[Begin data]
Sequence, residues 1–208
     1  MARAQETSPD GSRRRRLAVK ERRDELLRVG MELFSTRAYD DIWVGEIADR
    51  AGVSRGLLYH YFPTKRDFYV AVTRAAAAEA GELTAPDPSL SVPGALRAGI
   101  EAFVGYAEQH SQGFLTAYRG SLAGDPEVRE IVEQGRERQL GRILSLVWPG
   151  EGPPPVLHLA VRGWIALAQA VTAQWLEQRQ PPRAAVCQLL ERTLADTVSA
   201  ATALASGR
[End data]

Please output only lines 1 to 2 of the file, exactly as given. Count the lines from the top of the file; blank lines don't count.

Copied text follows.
Sequence, residues 1–208
     1  MARAQETSPD GSRRRRLAVK ERRDELLRVG MELFSTRAYD DIWVGEIADR